According to the study, the removal of barriers that prevent access to STEMM education and careers, as well as the application of practices that encourage belonging to individuals from marginalized groups, must be done together to sustainably foster a culture of inclusion, prosperity and success in science and medicine.
"To achieve anti-racism, diversity, equity and inclusion, a simple checklist is not enough," said Dr. Gilda Barabino, president of the Olin School of Engineering, professor of biomedical and chemical engineering, and co-chair of the committee who wrote the report. "Rather, the goal is to create environments centered on inclusive excellence, where all participants have access to educational and career opportunities, feel included, and have the resources they need to realize their full potential."
Although people from minoritized groups make up a growing portion of the US population, that growth has not been matched by a similar increase in STEMM education and careers among these groups, the report notes. These differences do not reflect the abilities or interests of individuals. Rather, data shows that the root cause is that people from historically marginalized groups face numerous barriers that negatively affect their access, representation, and ability to thrive in STEMM careers. The study documents, for example, how biases at the individual and interpersonal levels influence who is considered excellent in science or how welcome people from minoritized groups feel in work or study teams. It also describes how institutions perpetuate disparities established through centuries of racism in the US.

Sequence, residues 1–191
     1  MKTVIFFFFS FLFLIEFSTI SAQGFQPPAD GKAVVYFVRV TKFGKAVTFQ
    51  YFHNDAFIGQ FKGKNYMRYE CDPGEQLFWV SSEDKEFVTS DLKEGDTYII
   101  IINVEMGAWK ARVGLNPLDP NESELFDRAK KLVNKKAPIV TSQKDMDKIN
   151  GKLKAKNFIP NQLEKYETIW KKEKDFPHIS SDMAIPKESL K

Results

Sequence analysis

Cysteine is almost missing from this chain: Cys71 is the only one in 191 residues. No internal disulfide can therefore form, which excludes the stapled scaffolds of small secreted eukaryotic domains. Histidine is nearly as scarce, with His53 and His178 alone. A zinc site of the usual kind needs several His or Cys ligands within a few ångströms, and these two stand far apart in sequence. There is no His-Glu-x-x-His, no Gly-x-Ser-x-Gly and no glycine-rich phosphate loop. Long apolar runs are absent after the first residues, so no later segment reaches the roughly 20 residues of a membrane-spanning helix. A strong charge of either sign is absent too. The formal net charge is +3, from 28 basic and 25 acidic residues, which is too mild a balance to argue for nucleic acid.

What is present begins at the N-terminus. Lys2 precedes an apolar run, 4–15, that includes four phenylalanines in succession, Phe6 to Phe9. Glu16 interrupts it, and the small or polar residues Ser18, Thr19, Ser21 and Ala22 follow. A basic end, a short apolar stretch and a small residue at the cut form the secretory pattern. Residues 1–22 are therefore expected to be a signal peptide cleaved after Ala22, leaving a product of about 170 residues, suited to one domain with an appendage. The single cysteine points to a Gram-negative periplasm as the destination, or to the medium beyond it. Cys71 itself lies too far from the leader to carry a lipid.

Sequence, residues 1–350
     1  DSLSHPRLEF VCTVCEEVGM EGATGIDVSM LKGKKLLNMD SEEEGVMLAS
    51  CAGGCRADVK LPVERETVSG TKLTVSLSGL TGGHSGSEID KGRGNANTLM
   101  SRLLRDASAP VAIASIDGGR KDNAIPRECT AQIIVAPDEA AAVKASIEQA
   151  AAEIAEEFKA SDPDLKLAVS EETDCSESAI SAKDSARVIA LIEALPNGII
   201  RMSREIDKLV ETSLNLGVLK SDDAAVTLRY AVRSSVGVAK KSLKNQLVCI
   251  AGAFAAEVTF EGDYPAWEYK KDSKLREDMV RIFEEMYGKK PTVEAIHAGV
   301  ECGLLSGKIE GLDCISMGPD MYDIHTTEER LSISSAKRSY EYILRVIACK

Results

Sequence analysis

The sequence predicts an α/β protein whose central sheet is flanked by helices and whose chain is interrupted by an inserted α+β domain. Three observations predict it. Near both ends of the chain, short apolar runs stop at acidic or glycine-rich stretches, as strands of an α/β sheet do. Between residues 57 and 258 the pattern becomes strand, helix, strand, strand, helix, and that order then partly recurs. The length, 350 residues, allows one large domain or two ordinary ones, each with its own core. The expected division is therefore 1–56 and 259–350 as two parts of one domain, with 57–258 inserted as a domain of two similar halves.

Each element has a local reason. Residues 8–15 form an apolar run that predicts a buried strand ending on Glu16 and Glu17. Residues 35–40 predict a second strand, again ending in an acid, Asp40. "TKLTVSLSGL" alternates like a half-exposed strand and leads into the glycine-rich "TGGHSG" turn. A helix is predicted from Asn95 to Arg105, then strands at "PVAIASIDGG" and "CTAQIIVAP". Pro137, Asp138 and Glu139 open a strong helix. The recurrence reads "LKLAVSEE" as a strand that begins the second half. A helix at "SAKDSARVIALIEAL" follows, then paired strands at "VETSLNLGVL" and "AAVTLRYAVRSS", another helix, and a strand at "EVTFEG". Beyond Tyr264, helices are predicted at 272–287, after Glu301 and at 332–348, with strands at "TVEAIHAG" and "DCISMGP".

"The history of systemic racism in the United States—both written laws and policies, as well as a culture of practices and beliefs—has harmed Blacks, Native Americans, Latines, Asian Americans, and other people from minoritized racial and ethnic groups. This pattern continues to this day," said Susan Fiske, co-chair of the committee and a professor of psychology and public affairs at Princeton University. "STEMM organizations operate within that larger national story."